It’s become the norm for some private tech companies to raise in a single round what VC firms raise for an entire new fund. For a certain class of large, rapidly-growing companies flying in the rarified air of startup finance, raising $100 million or more in a venture round is, if you’ll forgive the pun, just not that big of a deal anymore.
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Supergiant venture capital rounds are on the rise across all stages, data from Crunchbase shows.
It’s common to associate nine-figure VC deals with later-stage companies.
The first nine-figure round Uber raised was its GV-led Series C, in which the company raised at least $258 million (though Crunchbase data states $363 million) in 2013, after the company had been around for a little over four years, previously raising just under $50 million along the way, according to Crunchbase data.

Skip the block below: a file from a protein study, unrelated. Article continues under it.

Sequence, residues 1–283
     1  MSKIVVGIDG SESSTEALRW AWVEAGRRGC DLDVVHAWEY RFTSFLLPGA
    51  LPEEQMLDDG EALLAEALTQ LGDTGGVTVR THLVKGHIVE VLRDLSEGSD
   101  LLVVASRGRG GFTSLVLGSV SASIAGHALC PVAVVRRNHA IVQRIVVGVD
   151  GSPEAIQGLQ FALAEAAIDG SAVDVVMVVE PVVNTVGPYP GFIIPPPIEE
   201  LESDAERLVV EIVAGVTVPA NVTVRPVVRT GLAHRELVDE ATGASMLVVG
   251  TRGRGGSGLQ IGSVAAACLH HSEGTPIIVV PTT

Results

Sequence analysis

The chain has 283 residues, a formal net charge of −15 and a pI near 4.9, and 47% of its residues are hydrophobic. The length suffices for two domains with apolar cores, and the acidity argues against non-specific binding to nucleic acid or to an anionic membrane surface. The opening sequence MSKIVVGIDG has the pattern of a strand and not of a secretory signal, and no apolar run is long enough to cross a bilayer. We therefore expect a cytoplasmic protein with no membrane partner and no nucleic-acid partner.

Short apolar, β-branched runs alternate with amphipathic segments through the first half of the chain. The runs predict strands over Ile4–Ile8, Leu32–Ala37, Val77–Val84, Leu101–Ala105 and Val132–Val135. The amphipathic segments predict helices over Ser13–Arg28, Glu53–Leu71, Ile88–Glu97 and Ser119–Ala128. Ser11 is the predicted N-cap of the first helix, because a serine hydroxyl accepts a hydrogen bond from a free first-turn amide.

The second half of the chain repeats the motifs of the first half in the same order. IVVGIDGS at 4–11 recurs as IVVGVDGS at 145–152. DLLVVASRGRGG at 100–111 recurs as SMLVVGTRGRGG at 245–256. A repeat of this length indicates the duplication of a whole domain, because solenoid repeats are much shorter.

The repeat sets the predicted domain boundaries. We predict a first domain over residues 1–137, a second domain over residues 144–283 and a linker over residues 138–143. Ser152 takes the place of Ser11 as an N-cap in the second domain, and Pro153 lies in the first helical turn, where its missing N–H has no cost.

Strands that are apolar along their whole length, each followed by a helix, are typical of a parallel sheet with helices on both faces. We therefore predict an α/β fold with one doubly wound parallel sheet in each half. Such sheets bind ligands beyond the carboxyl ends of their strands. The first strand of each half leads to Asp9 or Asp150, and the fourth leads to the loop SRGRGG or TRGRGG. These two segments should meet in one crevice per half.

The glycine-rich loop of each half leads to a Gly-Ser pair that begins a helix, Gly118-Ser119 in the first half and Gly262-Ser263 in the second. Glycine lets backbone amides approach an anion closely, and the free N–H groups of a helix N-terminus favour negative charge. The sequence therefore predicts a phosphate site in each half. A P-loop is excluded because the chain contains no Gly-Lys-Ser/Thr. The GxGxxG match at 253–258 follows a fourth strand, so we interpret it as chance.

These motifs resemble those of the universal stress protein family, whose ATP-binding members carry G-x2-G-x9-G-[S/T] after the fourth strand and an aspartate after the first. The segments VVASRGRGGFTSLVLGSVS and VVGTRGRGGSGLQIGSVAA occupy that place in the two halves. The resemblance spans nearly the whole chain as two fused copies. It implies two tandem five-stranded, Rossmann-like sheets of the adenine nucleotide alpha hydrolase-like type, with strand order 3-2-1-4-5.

Facebook, founded near the beginning of the “unicorn era” (starting in January 2003, as stated in Aileen Lee’s article defining the term “unicorn startups”)1 raised its first supergiant round in 2007, also three years after launch, and also at Series C.
VC rounds of $100 million or more really took off in 2014 and 2015, as massive amounts of money began flowing into venture capital funds at the far end of the assets-under-management spectrum, which, in turn, began investing ever-larger sums in a subset of startups.
While concentrated in late-stage deals, supergiant venture checks aren’t exclusive to more mature companies.
Series A and Series B deals accounted for between 21 and 37 percent of global supergiant deal volume since 2010, according to Crunchbase News analysis.
This is in keeping with prior research, which indicated that companies aren’t getting much older or younger by the time they raise their first supergiant round.
At least for the past several years, the composition of companies raising supergiant venture capital hasn’t changed all that much. There’s just more of them now.
Illustration: Li-Anne Dias
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